Good is the enemy of great, was the first sentence in Jim Collins's Good to Great. Lucy Kellaway said more recently, Good enough is better than perfection. Those are two seemingly contradictory ways of looking at things. (Actually, they're different, but not quite as far apart as they may seem.)
In India, unfortunately, there is a third way.
As I said to a journo recently, one first needs to do at least the minimum needed to get the job done and only then start arguing about the virtues of good versus great. I'll point you to that journo's piece later in this post but first: For those of you who're unfamiliar with India, it is common in India for people to use the Hindi word jugaad to describe the concept of making do. I detest this word. I grant that, in various unavoidable situations, resources are limited in India and one perforce has to make do with what one has. However, more often than not, this word and the entire philosophy behind it, if one can call it that, is used just to disguise (not very well) the clear intention to not even do the bare minimum.
An example: every year, the monsoon rains leave the streets of major Indian cities potholed, often flooded and barely usable. This is a major hassle for motorists and a major embarrassment for India's image. Every year also, each city's municipal authority awards contracts to contractors to repair and rebuild the damaged roads. Every year. Why? Is India the beneficiary of particularly violent hailstorms? No, just the beneficiary of shoddy work. There are some roads that are built and maintained really quite well but those tend to be the minority. The same sort of thing is seen across other areas: health, education, construction, the environment, energy... the list is endless. (See yesterday's post What was revealed when the lights went out in India)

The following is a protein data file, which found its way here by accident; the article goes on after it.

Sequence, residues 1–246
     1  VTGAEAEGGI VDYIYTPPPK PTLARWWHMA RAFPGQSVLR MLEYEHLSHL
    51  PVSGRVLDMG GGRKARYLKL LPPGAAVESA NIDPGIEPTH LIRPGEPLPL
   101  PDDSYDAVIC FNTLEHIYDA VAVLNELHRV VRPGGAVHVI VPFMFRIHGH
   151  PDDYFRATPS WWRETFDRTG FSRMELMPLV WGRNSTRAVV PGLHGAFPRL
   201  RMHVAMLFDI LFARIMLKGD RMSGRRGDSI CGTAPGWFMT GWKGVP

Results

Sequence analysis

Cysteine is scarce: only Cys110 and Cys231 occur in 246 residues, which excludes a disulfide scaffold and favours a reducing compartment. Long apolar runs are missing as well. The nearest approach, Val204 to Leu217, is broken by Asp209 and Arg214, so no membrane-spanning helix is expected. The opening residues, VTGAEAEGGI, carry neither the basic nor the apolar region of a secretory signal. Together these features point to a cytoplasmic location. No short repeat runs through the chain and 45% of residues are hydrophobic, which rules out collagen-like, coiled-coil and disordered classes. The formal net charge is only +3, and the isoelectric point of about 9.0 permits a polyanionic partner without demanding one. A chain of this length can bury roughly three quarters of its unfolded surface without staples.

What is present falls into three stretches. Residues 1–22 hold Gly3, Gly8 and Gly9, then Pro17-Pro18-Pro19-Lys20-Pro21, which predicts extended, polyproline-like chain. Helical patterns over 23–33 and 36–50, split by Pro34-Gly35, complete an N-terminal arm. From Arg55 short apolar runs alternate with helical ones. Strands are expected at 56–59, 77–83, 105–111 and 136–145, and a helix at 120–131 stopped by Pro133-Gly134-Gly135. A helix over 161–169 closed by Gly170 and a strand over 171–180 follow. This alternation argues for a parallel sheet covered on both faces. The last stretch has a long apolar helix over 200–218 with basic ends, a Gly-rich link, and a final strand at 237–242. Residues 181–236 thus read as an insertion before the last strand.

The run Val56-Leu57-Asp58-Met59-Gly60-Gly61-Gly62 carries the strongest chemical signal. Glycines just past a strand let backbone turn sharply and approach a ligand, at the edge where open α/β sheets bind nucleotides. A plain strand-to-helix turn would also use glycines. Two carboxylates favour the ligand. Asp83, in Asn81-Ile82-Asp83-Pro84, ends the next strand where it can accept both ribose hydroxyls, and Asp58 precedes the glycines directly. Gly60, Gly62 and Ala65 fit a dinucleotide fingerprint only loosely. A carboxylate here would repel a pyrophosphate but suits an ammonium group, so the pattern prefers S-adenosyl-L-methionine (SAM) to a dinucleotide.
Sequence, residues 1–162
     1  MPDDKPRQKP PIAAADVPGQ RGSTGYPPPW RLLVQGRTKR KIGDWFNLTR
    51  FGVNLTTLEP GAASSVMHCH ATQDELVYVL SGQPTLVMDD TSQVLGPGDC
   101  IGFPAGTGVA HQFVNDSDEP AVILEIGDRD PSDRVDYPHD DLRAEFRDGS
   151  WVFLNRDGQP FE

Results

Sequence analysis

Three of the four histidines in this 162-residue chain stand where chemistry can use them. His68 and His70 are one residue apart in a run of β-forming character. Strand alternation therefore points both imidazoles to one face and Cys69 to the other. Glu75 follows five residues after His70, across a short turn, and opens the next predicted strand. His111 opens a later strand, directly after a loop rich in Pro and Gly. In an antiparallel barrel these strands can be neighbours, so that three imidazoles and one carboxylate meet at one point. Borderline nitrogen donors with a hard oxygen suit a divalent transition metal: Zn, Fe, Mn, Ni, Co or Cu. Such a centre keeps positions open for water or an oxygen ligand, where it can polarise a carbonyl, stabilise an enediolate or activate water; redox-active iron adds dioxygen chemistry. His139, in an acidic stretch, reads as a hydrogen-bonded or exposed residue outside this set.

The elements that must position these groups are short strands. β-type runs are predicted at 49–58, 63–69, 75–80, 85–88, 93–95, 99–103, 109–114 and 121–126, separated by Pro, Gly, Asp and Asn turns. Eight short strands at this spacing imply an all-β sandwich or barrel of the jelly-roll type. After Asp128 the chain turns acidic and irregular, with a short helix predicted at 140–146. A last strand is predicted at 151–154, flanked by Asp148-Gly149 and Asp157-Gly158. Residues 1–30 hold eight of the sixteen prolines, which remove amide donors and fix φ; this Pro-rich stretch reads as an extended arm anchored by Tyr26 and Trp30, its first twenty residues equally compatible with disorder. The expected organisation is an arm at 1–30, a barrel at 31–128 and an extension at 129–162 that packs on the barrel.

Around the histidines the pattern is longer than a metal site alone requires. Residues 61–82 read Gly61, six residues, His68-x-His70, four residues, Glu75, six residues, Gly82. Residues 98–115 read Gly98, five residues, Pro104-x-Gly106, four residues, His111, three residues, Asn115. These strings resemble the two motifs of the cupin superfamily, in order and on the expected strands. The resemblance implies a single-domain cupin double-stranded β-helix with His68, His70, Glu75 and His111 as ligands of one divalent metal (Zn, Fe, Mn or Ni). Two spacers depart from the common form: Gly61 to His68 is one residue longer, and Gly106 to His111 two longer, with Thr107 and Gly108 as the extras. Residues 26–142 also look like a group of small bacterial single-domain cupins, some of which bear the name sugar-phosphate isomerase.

So why does this happen? A variety of reasons:
- Vested interests
- Agency problems
- Diversion of resources
- Cutting corners for the sake of profits
- Just plain not caring
Ultimately, it is a cultural issue.
What does this mean for start-ups? It means that, if one is not careful, jugaad can very quickly infect a company and become an established mode of operation. This is dangerous. When you start a company, you want to make sure its foundations are solid. This may even being a bit of a dictator on issues that you consider truly important. I myself am picky enough about the details that, if a portfolio company sends me a legal contract or a marketing brochure to review, I not only check and comment on the essentials of the document, but also hunt out and correct every spelling error and every grammatical mistake, sometimes even pointing out formatting inconsistencies. I don't impose spelling lessons on my interlocutors but still -- does my approach take it too far? Quite possibly -- but I'm in the Jim Collins camp, not with Lucy Kellaway on this one.
You also need to ensure that you control the core of what you've set out to do and that you prioritise it above all else. Once you have met minimum standards, you can start the good versus great argument, but not before.
To clarify, I didn't actually say that jugaad is good. I think it's terrible! Entrepreneurs should aim higher! Some of the quotes aren't verbatim but the article does convey the essence of my views pretty clearly.
Update: My uncle who is a professor at IIT Bombay just wrote me to say that Chapter 3 of his doctoral thesis began with the words, "Good is not good if better is possible." True!